Performance readings of extracts from The Tree of Man by stars of the Australian stage and screen including Neil Pigot, Caroline Lee, Denis Moore and Naomi Rukavina will be performed each Tuesday in August at the Old Treasury Building.
Stan and Amy Parker carve out a life in the bush 20km from Sydney in the 1920s. Their simple lives are made epic, intense and profound when seen through the elemental landscape which seeps into their psyches. They are Adam and Eve before the Fall. By the end of the novel, the city of Sydney has reached their farm, buying up their 'garden of Eden'. Throughout their lives, searing moments of illumination offer them insights into the meaning of life, the possibility of beauty and of art being compensation for Eden lost.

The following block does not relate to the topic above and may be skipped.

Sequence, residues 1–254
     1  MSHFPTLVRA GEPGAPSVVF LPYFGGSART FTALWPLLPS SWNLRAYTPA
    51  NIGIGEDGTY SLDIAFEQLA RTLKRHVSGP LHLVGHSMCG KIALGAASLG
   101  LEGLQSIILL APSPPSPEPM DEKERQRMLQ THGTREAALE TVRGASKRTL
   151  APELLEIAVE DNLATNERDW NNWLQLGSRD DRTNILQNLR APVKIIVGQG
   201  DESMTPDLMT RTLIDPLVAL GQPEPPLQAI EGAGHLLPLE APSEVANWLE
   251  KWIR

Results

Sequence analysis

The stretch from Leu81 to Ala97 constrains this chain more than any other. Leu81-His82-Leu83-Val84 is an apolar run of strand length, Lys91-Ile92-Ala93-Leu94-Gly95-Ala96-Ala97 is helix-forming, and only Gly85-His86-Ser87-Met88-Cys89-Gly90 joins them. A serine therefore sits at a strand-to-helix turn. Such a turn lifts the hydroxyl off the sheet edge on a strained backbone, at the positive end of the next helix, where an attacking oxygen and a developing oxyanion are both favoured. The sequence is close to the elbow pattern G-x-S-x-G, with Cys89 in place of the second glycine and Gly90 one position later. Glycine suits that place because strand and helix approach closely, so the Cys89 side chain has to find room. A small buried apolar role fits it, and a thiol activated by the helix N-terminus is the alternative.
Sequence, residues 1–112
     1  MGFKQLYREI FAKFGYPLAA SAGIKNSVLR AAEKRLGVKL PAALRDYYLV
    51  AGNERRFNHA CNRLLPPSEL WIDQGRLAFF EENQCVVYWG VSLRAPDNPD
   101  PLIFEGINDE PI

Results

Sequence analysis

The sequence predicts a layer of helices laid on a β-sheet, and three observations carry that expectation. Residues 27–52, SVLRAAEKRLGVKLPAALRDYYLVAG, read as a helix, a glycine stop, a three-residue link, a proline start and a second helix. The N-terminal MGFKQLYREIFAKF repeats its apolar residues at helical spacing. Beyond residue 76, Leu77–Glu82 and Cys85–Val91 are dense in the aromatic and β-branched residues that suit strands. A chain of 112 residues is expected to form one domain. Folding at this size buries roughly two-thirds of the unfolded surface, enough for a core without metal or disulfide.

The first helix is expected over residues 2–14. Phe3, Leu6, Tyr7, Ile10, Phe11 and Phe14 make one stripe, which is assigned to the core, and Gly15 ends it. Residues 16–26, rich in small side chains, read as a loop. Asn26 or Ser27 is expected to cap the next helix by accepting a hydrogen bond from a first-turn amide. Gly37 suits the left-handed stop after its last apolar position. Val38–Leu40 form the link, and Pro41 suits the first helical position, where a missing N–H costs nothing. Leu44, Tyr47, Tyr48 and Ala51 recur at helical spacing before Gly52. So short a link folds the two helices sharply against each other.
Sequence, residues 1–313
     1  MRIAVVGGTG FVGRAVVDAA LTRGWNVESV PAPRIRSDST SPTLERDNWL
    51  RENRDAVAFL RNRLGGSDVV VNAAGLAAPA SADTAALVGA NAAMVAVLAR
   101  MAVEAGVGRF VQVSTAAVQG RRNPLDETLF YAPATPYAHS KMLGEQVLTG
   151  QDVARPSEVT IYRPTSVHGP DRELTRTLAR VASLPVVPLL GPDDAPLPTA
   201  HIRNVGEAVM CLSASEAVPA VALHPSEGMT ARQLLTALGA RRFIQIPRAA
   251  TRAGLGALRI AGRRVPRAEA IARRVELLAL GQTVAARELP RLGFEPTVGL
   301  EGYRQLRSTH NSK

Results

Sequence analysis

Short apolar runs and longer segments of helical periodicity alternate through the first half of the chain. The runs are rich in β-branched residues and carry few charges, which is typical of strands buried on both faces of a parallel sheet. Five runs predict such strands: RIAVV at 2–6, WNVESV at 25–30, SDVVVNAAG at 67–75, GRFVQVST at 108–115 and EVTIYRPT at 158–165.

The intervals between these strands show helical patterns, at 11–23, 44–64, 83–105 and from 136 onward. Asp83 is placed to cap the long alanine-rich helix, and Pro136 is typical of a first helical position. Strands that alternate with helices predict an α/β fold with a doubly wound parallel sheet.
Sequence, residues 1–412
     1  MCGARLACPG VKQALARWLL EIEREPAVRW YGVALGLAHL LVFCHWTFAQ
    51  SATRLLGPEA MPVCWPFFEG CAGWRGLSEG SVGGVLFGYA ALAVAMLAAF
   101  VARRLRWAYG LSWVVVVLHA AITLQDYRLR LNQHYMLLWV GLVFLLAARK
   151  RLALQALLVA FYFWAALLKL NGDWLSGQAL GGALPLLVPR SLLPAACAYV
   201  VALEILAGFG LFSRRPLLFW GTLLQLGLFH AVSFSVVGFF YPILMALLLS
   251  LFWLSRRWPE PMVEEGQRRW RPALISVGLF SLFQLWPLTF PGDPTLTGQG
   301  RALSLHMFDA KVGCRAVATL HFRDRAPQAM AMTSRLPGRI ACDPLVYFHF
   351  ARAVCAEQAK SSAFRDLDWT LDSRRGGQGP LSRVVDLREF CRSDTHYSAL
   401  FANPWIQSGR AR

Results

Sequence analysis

Considered somewhat controversial, acerbic and unpredictable, Patrick White was the great poet of Australian literature and he was awarded the Nobel Prize for Literature in 1973. His work explores some of humankind's great existential questions in a distinctly Australian environment.
Known as one of White's best works, in which he creates a memorable portrait of human resilience, The Tree of Man is a radical revision of one of the classic Australian stories, the pioneering saga.
Stork Theatre is the creation of Helen Madden, beginning in 1983 with an idea for a Fairfield Amphitheatre on the banks of the Yarra.